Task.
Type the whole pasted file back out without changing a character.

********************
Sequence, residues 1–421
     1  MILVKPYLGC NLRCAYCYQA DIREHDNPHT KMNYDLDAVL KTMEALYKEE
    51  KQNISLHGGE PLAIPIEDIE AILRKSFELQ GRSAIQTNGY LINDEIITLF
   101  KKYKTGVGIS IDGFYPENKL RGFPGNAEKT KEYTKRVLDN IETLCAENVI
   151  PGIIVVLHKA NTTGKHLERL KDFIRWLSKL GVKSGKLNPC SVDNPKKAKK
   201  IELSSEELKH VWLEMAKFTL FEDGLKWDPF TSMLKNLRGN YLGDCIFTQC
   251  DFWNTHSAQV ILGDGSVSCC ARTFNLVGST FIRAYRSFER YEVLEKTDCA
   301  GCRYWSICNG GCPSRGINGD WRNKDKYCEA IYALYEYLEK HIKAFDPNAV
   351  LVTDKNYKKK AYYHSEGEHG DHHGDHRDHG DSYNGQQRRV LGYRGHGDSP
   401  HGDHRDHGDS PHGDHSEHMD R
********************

Sequence, residues 1–421
     1  MILVKPYLGC NLRCAYCYQA DIREHDNPHT KMNYDLDAVL KTMEALYKEE
    51  KQNISLHGGE PLAIPIEDIE AILRKSFELQ GRSAIQTNGY LINDEIITLF
   101  KKYKTGVGIS IDGFYPENKL RGFPGNAEKT KEYTKRVLDN IETLCAENVI
   151  PGIIVVLHKA NTTGKHLERL KDFIRWLSKL GVKSGKLNPC SVDNPKKAKK
   201  IELSSEELKH VWLEMAKFTL FEDGLKWDPF TSMLKNLRGN YLGDCIFTQC
   251  DFWNTHSAQV ILGDGSVSCC ARTFNLVGST FIRAYRSFER YEVLEKTDCA
   301  GCRYWSICNG GCPSRGINGD WRNKDKYCEA IYALYEYLEK HIKAFDPNAV
   351  LVTDKNYKKK AYYHSEGEHG DHHGDHRDHG DSYNGQQRRV LGYRGHGDSP
   401  HGDHRDHGDS PHGDHSEHMD R